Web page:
category is a field used in many microformats, originally taken from hCard 1.0.
Type name: CATEGORIES Type purpose: To specify application category information about the vCard.
It is closely related to rel="tag", but has no dependency on URL schemes, it simply marks up the inner-text as a category keyword.
Brainstorming on this page may be applicable to parsing of
category and/or rel="tag".
An object — a person, or item (in a hProduct or hListing draft context) — may be consumable in multiple languages. A person may communicate in multiple languages, a set of self-assembly shelves may come with an instruction manual in multiple languages, a web application (also a product) can be localized to support use in multiple languages.
In a loose form, supported language is a form of categorization, but it is useful to filter by language separately from other tags/categories (‘Only show me people that speak languages I speak’, ‘Only show applications available in my language’).
Language on the web are indicated in multiple forms on the web:
- Names (e.g. ‘Français’, ‘Deutsch’, ‘English (British)’
- Abbreviated local names ‘En’, ‘Fr’, ‘De’
- Abbreviated country names: ‘GB’, ‘UK’, ‘ES’
- Local names (e.g. ‘French’, ‘German’, ‘British English’, ‘Dutch’)
- ISO 639 language codes (e.g. 'en-gb', 'en', 'fr', 'de')
HTML already has a
lang attribute for marking up actual content. This uses ISO 639 codes.
Categorizing languages has the following requirements:
- Differentiate from other types of category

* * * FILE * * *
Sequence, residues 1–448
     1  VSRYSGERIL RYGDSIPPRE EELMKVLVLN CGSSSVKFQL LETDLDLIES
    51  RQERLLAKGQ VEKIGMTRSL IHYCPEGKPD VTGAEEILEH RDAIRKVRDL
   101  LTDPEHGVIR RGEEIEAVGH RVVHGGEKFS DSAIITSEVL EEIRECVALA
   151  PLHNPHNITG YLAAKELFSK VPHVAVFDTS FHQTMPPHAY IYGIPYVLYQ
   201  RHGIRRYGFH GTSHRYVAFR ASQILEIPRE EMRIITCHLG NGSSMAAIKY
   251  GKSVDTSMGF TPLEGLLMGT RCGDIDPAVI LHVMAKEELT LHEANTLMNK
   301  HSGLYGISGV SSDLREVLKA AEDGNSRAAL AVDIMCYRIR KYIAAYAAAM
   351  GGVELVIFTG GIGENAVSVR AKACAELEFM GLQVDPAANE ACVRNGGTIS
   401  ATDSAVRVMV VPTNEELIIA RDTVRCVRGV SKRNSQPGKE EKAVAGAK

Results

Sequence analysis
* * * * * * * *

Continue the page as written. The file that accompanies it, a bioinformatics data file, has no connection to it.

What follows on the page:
- Allow the language to be presented in local name form
- Allow the language itself to be ascertained reliably and interoperably
- Use an additional class-name
languageto indicate that a category is marking up a supported language for the object.
class=languagealso instructs parsers to read the ISO code from the
langattribute of the element, in place of the inner text, where present.
<ul> <li class="category language" lang="en-gb">English (British)</li> <li class="category language" lang="en">English (American)</li> <li class="category language" lang="fr">Français</li> <li class="category language" lang="de">Deutsch</li> </ul>
In HTML, the strings should be marked up with a lang attribute to ensure that the local named languages are pronounced correctly by screen readers (for example).
<ul> <li><a class='language' rel='tag' href='/apps/lang/en' lang='en'>English</a></li> <li><a class='language' rel='tag' href='/apps/lang/en-gb' lang='en-gb'>English (British)</a></li> <li><a class='language' rel='tag' href='/apps/lang/fr' lang='fr'>Français</a></li> <li><a class='language' rel='tag' href='/apps/lang/de' lang='de'>Deutsch</a></li> </ul>
In this case, the URL scheme is shown to also use ISO codes. This may not be the case in production environments (they may choose to use
/apps/lang/english, for example), so parsers look explicitly for language information should be instructed to again look for for the
lang attribute where rel-tag is used in combination with class-language.
--BenWard 01:16, 1 September 2009 (UTC)
- JonathanMalek 15:19, 1 September 2009 (UTC): I've been looking for ways to express more information about a particular category. For instance, when categorizing a particular hAtom 0.1 entry as "about Los Angeles, CA", it would be helpful to also mark up that particular rel-tag with the geo data for LA. Do you see this
categoryproposal as a way to support richer tags?